Asphalt Paving in Riverside, CA Discusses the Environmental Improvements in Asphalt Manufacture

by | Aug 28, 2013 | Construction and Maintenance

Asphalt paving has adopted significant green and environmental practices such as using recycled asphalt shingles and reclaimed ashphalt pavement. Warm-mix asphalt is still used, but $2.2 billion was saved during the 2011 paving season, according to the National Asphalt Paving Association (NAPA), by using recycled materials. Asphalt Paving from Precision Paving Company is a leader in this effort.

According to NAPA, 21.2 million barrels of liquid binder were saved by using the recycled materials in 2011. Warm mixed asphalt accounted for only nineteen percent of all asphalt produced.

Reclaimed ashphalt pavement accounted for 66.7 million tons in 2011, Usage has been steadily increasing with a seven percent and nineteen percent increase from 2010 and 2011.

Asphalt pavement recycled from roads, nearly 99 percent, was used in new pavements and other projects. According to a NAPA survey, 98 percent of asphalt producers are using reclaimed asphalt pavement. Asphalt Paving in Riverside, CA is included.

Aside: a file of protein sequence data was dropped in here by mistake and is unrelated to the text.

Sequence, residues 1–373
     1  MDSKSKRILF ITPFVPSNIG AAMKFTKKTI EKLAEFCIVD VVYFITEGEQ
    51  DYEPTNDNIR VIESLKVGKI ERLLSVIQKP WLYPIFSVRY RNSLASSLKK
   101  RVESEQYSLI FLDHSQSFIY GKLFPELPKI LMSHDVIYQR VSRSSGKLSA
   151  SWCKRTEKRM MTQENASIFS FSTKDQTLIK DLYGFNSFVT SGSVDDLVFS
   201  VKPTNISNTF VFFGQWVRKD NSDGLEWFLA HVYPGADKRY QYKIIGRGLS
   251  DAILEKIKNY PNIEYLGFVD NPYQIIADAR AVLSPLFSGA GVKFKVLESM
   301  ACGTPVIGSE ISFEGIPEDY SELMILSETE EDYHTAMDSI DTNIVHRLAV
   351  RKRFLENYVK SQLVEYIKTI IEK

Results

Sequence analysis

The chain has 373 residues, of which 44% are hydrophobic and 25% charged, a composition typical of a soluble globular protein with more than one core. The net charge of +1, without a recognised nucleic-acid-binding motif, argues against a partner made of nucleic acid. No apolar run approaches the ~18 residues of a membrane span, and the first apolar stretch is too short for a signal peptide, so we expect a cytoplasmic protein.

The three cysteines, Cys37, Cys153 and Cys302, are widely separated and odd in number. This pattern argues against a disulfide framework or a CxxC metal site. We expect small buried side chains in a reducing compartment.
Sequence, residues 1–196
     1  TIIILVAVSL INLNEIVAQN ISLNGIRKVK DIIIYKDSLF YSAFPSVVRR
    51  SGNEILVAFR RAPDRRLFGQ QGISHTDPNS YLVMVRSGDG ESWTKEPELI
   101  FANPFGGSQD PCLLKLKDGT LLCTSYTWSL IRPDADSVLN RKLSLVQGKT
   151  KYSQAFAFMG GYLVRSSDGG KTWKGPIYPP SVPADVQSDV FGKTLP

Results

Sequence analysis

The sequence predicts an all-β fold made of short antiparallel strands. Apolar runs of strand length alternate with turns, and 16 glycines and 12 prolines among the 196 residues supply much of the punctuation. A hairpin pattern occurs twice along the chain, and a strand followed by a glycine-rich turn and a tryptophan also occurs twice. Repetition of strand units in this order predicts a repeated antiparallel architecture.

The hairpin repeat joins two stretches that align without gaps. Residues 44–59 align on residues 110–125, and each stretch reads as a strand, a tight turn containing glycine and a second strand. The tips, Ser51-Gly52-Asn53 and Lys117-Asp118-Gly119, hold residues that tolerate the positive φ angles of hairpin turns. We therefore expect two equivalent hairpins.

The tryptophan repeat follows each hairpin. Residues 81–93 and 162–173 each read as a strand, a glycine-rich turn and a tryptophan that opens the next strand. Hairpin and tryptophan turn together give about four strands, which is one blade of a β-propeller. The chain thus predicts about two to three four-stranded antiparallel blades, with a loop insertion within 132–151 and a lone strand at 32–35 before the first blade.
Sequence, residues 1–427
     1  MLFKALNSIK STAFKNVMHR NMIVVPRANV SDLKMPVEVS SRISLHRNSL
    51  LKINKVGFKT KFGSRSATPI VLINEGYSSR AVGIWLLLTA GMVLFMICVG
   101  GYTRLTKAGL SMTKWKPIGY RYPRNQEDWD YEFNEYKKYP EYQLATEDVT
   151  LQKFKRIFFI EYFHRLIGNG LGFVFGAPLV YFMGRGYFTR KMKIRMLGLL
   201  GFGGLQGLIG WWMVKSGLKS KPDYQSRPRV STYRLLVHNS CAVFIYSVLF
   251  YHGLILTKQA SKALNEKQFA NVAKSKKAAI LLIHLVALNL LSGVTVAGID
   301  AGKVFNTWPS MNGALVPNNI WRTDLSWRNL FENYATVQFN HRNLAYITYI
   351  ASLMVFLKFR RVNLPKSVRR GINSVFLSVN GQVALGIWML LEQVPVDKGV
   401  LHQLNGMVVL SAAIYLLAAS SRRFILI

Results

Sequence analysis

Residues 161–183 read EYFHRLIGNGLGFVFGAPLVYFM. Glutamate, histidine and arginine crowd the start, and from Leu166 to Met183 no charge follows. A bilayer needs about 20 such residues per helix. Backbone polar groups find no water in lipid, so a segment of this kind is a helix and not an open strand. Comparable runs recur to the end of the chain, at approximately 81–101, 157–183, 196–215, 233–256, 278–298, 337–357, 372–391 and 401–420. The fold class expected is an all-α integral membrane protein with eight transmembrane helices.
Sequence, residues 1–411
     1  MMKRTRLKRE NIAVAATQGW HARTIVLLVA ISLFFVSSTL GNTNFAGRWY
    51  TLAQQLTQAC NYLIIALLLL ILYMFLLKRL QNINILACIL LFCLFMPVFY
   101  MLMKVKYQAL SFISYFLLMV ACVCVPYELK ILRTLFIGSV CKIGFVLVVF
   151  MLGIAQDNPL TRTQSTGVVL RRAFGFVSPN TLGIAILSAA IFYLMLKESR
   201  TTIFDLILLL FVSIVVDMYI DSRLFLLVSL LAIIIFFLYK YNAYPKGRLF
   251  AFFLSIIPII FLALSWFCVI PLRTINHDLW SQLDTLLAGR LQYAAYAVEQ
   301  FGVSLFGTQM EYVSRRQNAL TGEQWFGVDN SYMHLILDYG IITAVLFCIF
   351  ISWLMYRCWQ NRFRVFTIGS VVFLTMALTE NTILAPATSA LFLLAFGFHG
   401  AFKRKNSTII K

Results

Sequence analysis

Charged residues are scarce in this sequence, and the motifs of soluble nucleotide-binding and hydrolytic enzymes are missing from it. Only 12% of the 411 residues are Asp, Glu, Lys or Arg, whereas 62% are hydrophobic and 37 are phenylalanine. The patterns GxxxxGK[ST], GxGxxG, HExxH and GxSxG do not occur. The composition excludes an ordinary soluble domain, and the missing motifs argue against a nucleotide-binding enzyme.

RAS usage also continued to climb, increasing to 1.2 million tons in 2011; an 8 percent increase over 2010, and a 52.5 percent increase since 2009. Since 2009, RAS usage has been reported in 36 states. RAS includes both manufacturers’ scrap shingles, and discarded consumer roofing shingles.

In 2011, total WMA tonnage in the U.S. was estimated at about 69 million tons, a 67 percent increase from 2010 and a nearly 309 percent increase since 2009.

Pavement preservation using a thin asphalt overlay has become a popular approach to preserving pavement. The asphalt overlay improves ride quality, reduces pavement distress, decreases noise levels, surface geometrics are maintained, reduces life cycle costs while providing longer service.

NAPA helped complete a thin asphalt overlay test that used warm-mix asphalt and recycled materials in Nashville, Tenn. This process was completed on tenth street that has many cuts for utility installations and repairs. It is estimated by the Tennessee Road Builders Association that tenth street will have 10 more years of life. The project which was completed in 2012 was a NAPA instructional demonstration.

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